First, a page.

There was another railway line, built in 1866, which linked the above London & North Western Railway branch line to St Albans, to the newly constructed Midland Main Line from Bedford to St Pancras at Napsbury. It was a goods line in brief use but closed by 1910, called the Park Street Branch and was operated by the Midland Railway. The railway bridge near Sycamore Drive was demolished around 1948 after being damaged by a giant propeller being delivered to the Handley Page aircraft works. It is still possible to see some of the bridge brickwork here which is just by The Overdraught pub. Another, over the River Ver at the back of Sycamore Drive, still survives. Beyond the bridge over the River Ver this line crossed what became the Handley Page aircraft factory runway. This runway was in use until the mid-1960s for the maintenance and testing of the V bomber fleet.

A 1960s metal bridge carries the Abbey Line trains, sometimes affectionately dubbed the Abbey Flyer, over the main road, replacing a previous brick one.


Park Street has two primary schools: Park Street Church of England Primary School,[6] and How Wood Primary School.[7]

The nearest secondary school is Marlborough School.[8]

Public houses[edit]

There are now two pubs in the village: The Falcon, and The Overdraught (which used to be called The White Horse). There were previously seven other pubs in Park Street/Frogmore/Colney Street: The Red Lion closed in 2009, and The Swan closed in 2008. In Frogmore, The Red Cow closed in 2001/02, and The Lamb closed in the early 1970s. In Colney, The Black Horse was demolished in 2003; The George and Dragon closed in the early 1990s and The Jolly Farmer, closed in the 1930s.

Until the early 1970s, The Lamb was situated opposite the entrance to the Handley Page aircraft factory (now Frederick Place). Once the factory closed the pub became uneconomic to run and, so legend has it (widely-held story in the village at the time), the landlord and his wife closed the pub, locked themselves in and drank the pub dry before being ordered out by the brewery. The pub's building still exists as a private residence, divided into three flats.

The Falcon is reputed to be on the site of a "Pilgrim's Rest", which was a series of places used to house the pilgrims to St Alban's shrine.

Parks and sport[edit]

Park Street has three parks:

  • Recreation Ground by sports fields on Park Street Lane: Park Street Football Club and the cricket (sport) ground and pavilion.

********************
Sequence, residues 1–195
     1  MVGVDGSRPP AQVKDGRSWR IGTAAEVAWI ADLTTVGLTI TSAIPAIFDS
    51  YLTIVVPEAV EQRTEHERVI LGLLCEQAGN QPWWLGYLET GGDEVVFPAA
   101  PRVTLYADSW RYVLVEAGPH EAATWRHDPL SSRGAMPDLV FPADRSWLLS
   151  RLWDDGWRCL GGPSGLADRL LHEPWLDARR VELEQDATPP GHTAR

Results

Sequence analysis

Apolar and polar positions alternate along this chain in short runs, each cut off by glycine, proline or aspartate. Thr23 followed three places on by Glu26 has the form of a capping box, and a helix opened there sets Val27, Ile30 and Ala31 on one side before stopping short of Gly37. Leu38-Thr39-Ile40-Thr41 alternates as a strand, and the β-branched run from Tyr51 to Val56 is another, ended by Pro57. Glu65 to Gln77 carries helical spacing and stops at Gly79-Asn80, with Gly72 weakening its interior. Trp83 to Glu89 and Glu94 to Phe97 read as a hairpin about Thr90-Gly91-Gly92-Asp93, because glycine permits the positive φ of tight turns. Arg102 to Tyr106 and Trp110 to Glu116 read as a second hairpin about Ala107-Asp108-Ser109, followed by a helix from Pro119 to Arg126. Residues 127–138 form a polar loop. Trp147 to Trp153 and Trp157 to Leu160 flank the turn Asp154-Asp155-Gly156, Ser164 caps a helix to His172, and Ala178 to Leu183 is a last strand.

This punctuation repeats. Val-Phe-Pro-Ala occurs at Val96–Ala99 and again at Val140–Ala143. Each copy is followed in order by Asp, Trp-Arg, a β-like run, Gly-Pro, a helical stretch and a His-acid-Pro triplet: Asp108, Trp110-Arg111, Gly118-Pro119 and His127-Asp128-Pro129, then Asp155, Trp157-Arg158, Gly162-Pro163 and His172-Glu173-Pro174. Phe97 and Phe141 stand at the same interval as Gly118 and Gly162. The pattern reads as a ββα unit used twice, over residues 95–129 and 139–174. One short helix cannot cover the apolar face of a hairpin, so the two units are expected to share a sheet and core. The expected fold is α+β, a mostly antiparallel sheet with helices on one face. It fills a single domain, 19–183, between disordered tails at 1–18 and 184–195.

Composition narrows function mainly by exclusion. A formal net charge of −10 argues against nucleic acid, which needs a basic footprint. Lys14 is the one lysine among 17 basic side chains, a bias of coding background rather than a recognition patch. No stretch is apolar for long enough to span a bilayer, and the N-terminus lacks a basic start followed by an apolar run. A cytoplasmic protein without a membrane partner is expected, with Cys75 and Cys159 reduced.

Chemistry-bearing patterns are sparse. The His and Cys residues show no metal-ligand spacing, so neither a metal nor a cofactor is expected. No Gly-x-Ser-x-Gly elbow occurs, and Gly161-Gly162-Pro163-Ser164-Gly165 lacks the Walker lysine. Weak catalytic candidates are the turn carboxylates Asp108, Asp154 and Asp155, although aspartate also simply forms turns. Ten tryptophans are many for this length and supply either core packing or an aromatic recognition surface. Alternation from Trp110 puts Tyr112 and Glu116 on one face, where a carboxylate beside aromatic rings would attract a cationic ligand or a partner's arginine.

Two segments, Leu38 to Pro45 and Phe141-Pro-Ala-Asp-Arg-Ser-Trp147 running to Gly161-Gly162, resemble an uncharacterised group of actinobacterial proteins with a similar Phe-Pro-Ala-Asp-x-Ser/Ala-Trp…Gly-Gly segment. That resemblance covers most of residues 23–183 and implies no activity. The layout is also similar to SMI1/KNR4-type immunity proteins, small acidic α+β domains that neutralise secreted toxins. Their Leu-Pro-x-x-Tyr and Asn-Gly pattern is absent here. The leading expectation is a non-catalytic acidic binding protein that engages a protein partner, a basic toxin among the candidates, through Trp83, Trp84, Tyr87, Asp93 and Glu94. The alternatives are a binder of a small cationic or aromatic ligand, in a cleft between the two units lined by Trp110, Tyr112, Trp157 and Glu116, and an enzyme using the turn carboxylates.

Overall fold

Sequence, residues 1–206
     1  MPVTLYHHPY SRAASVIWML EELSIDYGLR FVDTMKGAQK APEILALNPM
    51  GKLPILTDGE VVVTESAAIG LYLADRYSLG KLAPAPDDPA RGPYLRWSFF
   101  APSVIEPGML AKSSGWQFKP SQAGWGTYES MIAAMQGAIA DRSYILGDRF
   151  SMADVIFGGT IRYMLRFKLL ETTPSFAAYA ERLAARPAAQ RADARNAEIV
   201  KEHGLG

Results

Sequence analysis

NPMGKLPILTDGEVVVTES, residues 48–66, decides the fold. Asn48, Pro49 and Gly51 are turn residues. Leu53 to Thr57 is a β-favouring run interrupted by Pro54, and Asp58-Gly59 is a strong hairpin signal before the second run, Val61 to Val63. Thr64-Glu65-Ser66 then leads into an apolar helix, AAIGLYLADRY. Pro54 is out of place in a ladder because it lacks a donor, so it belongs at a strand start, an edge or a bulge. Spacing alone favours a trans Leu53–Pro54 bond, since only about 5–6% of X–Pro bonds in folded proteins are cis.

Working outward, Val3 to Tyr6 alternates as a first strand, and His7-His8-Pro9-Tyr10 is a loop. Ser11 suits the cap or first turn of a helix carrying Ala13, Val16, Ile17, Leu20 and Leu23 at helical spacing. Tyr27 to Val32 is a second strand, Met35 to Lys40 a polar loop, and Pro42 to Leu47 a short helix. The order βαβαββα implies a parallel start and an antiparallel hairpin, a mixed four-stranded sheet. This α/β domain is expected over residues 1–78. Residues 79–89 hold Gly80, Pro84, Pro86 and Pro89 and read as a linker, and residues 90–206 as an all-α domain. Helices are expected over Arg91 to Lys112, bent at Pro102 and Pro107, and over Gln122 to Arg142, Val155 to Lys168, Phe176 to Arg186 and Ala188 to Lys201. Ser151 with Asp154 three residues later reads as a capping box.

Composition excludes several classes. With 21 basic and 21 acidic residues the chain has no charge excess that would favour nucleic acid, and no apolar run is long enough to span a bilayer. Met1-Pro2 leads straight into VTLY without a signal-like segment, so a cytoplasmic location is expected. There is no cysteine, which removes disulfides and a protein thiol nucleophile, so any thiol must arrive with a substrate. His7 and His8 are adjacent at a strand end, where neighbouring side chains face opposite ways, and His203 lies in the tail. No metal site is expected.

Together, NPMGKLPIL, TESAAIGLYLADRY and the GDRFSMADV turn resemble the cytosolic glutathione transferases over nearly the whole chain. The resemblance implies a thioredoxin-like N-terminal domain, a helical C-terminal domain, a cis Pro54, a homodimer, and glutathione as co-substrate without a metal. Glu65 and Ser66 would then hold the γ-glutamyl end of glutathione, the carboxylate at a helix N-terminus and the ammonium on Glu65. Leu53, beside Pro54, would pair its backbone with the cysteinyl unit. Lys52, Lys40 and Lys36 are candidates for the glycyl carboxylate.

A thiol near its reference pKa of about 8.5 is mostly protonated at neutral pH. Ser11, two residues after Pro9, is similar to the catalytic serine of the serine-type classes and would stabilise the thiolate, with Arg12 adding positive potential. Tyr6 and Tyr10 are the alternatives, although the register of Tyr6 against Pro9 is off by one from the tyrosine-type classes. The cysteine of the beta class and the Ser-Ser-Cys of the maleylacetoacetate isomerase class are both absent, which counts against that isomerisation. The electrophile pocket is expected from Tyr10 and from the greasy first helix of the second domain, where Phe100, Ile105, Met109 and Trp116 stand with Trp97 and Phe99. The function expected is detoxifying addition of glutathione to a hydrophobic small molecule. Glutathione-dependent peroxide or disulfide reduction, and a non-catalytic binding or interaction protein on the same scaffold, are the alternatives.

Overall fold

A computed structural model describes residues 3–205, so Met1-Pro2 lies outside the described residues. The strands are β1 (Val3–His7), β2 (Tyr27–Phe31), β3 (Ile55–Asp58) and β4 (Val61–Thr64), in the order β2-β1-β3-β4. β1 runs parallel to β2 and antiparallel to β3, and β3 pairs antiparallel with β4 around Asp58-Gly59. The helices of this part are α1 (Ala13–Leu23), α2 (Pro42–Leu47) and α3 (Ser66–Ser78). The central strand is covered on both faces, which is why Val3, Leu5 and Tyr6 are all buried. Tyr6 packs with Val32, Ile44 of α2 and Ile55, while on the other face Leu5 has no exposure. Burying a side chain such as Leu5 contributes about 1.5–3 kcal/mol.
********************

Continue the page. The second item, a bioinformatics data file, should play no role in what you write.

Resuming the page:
• Mayflower Road Park
  • Frogmore Lakes Park, to the south of the village just past the gravel pits, popular for fishing.

There was also a large park along Burydell/ Bury Dell Lane; replaced by the vegetable allotments, this was in use at least until 1900.[citation needed]


  1. ^ The population relates to all of the local government ward; see ward map for population at statistics.neighbourhood.gov.uk


  1. ^ Park Street's nearby Anglican church of the Holy Trinity, originally simply named 'a chapel of ease to St Stephen' was built in 1841-2 is in the heart of Frogmore but was according to the listing entry research by English Heritage built to serve the more than 2000 scattered parishioners of the 4 miles (6.4 km) by 5 miles (8.0 km) parish of St Stephen, St Albans, where only 3 poor outlying cottages were within one mile of St Stephens, now a close suburb of St Albans in the 1840s, see Historic England. "Details from listed building database (1347115)". National Heritage List for England. Retrieved 25 August 2012. Holy Trinity Church, on the Frogmore border
  2. ^ Ver Valley Society (2017). "Memories of the Ver" (PDF). Society Web Pages.
  3. ^ Historic England. "Details from listed building database (1103170)". National Heritage List for England. Retrieved 25 August 2012.
  4. ^ Sheilds, Pamela (2009). Hertfordshire Secrets and Spies. Stroud: Amberley. p. 22. ISBN 9781848687882.
  5. ^ "PSBC website". Park Street Baptist Church. Retrieved 22 August 2022.
  6. ^ "Park Street – Church of England Primary School". Parkstreetprimary.org.uk. Retrieved 3 April 2017.
  7. ^ "How Wood Primary School | Welcome". Howwood.herts.sch.uk. Retrieved 3 April 2017.
  8. ^ "Archived copy". Archived from the original on 15 March 2013. Retrieved 29 December 2012.{{cite web}}: CS1 maint: archived copy as title (link)
  9. ^ Historic England. "Details from listed building database (1001400)". National Heritage List for England. Retrieved 19 August 2012.

External links[edit]